38. Gravatar of Steve F Steve F
    1. August 2017 at 12:37

    Scott, quick question:

    Why do economists think that a central bank that decreases the nominal rate yields a decrease in the real rate assuming that inflation expectations don’t change with a lower bound of 0% nominal rate? Why does the logic not hold for negative nominal rates? As far as I can tell, if the inflation expectations assumption holds, the Fisher equation tells us that there isn’t a difference in real rate reduction when going from nominal rate of 0 to -2 with from 2 to 0. In short, I don’t understand why there is any lower bound. Why can’t central banks just keep going more and more negative in order to stimulate the economy?

  39. Gravatar of Christian List Christian List
    1. August 2017 at 13:07

    Unintended (or intented?) consequence: The more Trump is weakened domestically (or feels weakened), the more likely he will lash out militarily against rogue states like North Korea. He will really need such a conflict. There’s no other way to gain at least some support from the opinion leaders at this point.

    @Steve F.
    Your question might be answered here:
    https://www.themoneyillusion.com/?p=31477

    Most questions of this kind have been answered by Scott, just search his great blog.

  40. Gravatar of Steve F Steve F
    1. August 2017 at 13:49

    Christian, thanks.

    I’m still confused. Is it that negative nominal rate causes negative bond yield?

  41. Gravatar of major.freedom major.freedom
    1. August 2017 at 17:48

    Looks like big stuff is coming out regarding Seth Rich, and this phony “Trump planted fake news” lawsuit/story is a diversion.

    Today Cassandra Fairbanks published an audio recording of Seymour Hersh claiming the FBI found evidence that Seth Rich emailed samples of DNC emails to Wikileaks, along with setting up Dropbox folders with emails.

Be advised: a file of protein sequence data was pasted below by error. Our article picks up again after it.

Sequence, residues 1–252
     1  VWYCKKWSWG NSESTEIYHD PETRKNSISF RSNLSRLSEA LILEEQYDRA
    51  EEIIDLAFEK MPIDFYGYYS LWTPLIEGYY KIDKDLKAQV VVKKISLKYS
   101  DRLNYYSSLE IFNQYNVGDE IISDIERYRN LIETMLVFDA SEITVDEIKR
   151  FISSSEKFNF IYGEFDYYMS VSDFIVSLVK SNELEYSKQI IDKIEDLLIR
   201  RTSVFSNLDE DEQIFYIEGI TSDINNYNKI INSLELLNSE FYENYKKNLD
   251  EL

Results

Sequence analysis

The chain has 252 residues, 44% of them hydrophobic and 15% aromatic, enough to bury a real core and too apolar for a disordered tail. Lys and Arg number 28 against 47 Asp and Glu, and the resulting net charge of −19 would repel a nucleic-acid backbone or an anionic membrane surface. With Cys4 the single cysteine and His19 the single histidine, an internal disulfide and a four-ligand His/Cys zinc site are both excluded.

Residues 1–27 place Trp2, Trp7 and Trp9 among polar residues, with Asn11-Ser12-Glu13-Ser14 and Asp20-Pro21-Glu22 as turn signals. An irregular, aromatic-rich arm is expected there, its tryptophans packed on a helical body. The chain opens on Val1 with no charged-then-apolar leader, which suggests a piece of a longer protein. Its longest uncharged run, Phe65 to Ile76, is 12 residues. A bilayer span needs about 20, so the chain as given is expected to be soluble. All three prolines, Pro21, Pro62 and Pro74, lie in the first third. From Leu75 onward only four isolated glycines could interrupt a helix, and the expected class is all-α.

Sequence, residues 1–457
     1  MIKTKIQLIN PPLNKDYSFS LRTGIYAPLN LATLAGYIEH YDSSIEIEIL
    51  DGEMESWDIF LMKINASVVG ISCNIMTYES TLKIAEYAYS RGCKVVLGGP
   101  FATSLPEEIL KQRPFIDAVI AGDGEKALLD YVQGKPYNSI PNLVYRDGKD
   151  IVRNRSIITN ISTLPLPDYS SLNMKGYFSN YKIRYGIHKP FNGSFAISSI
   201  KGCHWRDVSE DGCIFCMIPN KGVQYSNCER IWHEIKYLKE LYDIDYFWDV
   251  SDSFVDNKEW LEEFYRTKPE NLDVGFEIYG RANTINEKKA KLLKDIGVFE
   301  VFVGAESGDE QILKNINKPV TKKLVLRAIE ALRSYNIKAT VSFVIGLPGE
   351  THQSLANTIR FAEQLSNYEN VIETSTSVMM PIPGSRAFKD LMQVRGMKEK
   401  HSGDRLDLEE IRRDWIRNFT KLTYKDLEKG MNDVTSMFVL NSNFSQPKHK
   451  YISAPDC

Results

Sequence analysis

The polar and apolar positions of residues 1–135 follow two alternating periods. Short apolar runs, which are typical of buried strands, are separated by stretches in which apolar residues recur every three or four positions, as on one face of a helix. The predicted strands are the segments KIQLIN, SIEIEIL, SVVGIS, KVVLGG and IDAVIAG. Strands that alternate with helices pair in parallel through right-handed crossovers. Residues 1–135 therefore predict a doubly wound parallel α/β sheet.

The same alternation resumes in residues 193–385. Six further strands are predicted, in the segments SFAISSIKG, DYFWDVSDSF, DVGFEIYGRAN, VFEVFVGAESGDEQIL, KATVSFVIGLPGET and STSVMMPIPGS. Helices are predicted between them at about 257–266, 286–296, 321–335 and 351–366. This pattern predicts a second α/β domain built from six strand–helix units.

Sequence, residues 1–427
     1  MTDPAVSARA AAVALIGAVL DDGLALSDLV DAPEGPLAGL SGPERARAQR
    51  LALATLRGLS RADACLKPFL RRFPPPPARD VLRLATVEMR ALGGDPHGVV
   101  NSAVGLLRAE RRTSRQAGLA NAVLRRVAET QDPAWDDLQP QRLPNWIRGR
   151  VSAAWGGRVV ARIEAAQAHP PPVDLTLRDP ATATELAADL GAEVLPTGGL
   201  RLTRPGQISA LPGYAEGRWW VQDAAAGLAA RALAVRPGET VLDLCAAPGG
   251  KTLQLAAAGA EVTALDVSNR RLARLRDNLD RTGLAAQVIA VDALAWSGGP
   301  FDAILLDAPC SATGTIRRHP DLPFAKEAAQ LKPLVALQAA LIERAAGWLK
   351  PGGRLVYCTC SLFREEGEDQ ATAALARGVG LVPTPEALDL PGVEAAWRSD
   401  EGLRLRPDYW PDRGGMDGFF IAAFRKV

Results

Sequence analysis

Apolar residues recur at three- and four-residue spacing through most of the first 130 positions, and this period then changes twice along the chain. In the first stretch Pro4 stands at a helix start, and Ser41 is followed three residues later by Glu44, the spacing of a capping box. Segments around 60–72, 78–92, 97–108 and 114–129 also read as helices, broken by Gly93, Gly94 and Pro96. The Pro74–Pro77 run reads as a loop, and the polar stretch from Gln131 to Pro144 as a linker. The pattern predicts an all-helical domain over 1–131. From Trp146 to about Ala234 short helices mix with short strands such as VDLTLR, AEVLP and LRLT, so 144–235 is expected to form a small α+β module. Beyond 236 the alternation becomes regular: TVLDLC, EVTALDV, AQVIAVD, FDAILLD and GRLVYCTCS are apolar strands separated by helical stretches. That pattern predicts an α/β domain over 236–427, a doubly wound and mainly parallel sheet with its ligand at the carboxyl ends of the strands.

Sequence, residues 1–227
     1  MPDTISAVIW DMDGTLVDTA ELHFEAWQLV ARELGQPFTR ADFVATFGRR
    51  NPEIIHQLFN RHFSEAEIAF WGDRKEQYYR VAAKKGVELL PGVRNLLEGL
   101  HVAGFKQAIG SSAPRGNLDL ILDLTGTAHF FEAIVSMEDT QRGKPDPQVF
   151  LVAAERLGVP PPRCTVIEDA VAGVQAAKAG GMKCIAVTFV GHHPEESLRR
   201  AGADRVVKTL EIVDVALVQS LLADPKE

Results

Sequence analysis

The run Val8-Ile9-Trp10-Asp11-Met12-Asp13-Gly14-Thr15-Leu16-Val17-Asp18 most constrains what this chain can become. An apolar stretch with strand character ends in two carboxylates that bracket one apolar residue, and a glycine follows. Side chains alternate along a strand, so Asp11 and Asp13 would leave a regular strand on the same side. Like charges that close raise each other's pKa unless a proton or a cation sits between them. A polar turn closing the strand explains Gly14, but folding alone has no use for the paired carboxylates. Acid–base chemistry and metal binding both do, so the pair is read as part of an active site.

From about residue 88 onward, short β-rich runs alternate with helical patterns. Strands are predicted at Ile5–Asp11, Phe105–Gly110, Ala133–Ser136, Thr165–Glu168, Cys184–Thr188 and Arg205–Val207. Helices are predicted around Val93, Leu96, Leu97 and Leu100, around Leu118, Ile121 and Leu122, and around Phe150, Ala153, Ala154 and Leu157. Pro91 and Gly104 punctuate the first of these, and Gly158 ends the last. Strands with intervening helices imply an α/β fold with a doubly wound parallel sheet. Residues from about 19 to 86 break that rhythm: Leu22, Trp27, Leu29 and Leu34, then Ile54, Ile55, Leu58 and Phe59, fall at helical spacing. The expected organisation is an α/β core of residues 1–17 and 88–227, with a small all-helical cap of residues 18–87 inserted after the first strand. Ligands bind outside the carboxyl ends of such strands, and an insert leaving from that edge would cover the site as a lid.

Seymour Hersh is one of the most respected liberal anti-deep state investigative reporters in the world.

    Here is the recording:

    https://twitter.com/stopglobalism1/status/892485126063497216?s=09

    https://youtu.be/giuZdBAXVh0

    Further evidence of Seymour Hersh involvement:

    https://www.poynter.org/2017/fox-news-reporter-fabricated-quotes-for-seth-rich-conspiracy-story-lawsuit-alleges6/468908/

    Edit: story has broke, confirmation

    http://bigleaguepolitics.com/audio-seymour-hersh-states-seth-rich-wikileaks-source/

    —————————————

    Member when the usual yokels on this blog dismissed this as a conspiracy theory?

  42. Gravatar of major.freedom major.freedom
    1. August 2017 at 17:49

    Seth Rich leaked the DNC emails and was killed for it.

  43. Gravatar of Benjamin Cole Benjamin Cole
    2. August 2017 at 01:54

    “Earlier this year Hong Kong ranked as the world’s least affordable city to buy a home for the seventh year running, according to the Demographia International Housing Affordability Survey. In the third quarter of last year, the city’s flats cost 18.1 times the gross annual median income. That figure was way higher than the one in second-placed Sydney, which was 12.2.”

    —30—

    So, what is the purpose of economic development and globalization, if it leads to unaffordable housing?

  44. Gravatar of Major.freedom Major.freedom
    2. August 2017 at 03:41